Boyle was not tempted to sit out


Boyle was not tempted to sit out

SAN JOSE Sharks defenseman Dan Boyle accidentally let his inner voice become his actual one after Saturdays win against Edmonton, when he revealed in a post-game interview with Sharks radio host Jamie Baker that he had been playing with a broken foot since early November.

I wasnt thinking, he said on Monday of his surprise disclosure. But, Ive been feeling better.

Boyle said he originally hurt the foot blocking his shot against Minnesota on November 10, but didnt want to make any excuses for his play that followed, which featured a whole lot of turnovers and misplays without much scoring.

In fact, after Boyle registered an assist in that game against the Wild, he went the next nine without a single point. He was asked if it was difficult to hear the criticism of his game from fans and media during that stretch.

It is. Its hard. Sometimes when your ego is talking to you, you want to say, hey man, Im bleeping hurt here. Theres an inside voice that wants to say that, but especially hockey players, were kind of conditioned to just kind of turn the other cheek, take your lumps and keep it within.

Was he ever tempted to sit out a game or two?

No no no no. Its just one of those things you can just play your way through it, said Boyle. It definitely hurt my game a little bit. My game is skating, and I was definitely a step behind for many of those games, and a little slower out there. I didnt have the energy or the want to get into the play. Its a factor. But, I dont want to sit here and make excuses.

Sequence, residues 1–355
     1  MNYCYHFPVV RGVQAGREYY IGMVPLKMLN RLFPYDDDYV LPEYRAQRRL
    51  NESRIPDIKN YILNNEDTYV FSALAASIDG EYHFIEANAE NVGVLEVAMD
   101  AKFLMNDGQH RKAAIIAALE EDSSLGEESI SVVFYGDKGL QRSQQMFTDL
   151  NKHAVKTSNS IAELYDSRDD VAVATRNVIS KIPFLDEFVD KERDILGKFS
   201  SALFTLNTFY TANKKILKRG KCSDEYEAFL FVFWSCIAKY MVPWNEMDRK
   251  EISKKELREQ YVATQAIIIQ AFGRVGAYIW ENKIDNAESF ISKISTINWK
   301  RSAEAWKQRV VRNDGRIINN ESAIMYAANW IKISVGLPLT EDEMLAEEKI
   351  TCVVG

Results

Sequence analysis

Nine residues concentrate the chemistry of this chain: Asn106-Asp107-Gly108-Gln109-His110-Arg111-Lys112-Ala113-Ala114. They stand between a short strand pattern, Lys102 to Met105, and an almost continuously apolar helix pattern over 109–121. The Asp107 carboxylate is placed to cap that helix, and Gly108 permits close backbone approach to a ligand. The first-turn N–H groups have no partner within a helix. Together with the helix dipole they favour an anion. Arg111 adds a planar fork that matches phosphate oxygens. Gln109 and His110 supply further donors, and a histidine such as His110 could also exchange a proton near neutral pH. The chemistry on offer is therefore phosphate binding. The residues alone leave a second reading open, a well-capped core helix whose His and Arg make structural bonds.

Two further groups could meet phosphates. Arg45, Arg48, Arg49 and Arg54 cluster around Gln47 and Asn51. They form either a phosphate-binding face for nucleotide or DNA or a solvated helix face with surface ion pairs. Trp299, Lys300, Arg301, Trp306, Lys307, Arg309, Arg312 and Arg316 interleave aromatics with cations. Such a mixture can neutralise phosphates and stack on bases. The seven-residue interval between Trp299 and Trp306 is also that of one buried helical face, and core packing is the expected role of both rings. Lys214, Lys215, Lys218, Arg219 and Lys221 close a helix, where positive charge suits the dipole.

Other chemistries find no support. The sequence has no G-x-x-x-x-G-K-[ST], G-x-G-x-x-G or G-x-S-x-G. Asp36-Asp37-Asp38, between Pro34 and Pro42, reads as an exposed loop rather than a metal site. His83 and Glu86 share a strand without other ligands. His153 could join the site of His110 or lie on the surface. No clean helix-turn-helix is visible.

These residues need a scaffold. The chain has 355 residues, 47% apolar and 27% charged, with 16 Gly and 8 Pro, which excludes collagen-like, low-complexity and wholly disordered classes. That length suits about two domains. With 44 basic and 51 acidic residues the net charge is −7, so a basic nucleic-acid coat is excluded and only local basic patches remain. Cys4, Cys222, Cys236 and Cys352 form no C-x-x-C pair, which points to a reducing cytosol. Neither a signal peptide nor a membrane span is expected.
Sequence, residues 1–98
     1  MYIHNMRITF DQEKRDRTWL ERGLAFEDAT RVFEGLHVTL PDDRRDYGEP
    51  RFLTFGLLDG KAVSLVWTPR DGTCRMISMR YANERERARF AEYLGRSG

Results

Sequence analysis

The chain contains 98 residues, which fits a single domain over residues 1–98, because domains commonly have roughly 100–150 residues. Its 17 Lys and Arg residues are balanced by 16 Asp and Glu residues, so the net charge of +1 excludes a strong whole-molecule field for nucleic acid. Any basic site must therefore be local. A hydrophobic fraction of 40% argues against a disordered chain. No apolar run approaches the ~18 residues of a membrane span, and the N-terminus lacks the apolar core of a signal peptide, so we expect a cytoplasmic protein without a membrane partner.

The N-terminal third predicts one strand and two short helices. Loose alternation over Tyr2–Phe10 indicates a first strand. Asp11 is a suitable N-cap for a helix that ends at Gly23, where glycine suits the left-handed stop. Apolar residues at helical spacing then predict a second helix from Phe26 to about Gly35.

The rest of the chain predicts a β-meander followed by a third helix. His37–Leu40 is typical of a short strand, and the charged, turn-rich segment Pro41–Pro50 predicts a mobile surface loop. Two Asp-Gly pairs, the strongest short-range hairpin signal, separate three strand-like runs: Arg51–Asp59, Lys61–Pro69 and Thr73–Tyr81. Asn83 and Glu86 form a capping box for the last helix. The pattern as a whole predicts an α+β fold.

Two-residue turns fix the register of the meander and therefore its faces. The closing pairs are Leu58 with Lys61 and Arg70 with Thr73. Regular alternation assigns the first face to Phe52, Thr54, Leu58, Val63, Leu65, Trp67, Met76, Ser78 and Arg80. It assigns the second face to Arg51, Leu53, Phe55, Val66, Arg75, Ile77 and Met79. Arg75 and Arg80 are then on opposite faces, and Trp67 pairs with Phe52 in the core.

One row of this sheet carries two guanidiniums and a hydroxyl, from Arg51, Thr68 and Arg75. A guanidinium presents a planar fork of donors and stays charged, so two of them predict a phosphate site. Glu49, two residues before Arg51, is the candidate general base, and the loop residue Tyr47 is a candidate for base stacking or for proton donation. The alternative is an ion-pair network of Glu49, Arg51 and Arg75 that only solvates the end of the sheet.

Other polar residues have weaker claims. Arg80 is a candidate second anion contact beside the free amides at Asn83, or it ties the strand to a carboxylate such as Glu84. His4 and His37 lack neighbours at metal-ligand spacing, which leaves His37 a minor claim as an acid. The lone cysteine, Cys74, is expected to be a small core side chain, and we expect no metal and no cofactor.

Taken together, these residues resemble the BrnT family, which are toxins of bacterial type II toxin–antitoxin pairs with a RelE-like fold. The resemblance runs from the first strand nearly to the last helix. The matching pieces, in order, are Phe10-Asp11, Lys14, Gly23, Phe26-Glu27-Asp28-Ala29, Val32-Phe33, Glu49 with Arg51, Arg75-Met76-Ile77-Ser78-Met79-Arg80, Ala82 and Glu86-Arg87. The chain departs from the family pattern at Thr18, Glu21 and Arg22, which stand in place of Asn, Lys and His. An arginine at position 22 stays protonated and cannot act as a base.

Todd McLellan wasnt going to tell him to take a night off, either.

Hes played in worse situations and hes a pretty competitive guy. The last thing were going to do is take him out, said the coach. The injury, or an injury, is going to take him out. None of us are.

The foot still isnt completely healed, either, although Boyle is playing some of his best hockey of the season right now. He has four points in his last four games while being paired with Marc-Edouard Vlasic as regular partner Douglas Murray recovers from a left hand injury.

Were never really 100 percent, but its significantly better than what it was, said Boyle. It was definitely a problem for awhile, though. Its behind me now, hopefully.

Murray practices: Sharks defensemen Douglas Murray and Jim Vandermeer both took part in the one hour and fifteen minute skate at Sharks Ice on Monday, and are still on injured reserve with left hand injuries. It was Murrays first full practice with the team since he was hurt on Dec. 3 against Florida.

McLellan said that Murray is, getting better. His legs and his lungs are good because hes done a lot of skating. Same with Vandy. It think theyre both close.

Their status for Wednesday will be determined later in the week.

Colin White, who left Saturdays game against Edmonton after what looked to be a right wrist injury, missed Mondays skate. McLellan expects him to play against the Lightning, though.

Joe Thornton did not skate on Monday with what the team called a maintenance day.

DeBoer's defense of Jones doesn't paint the whole picture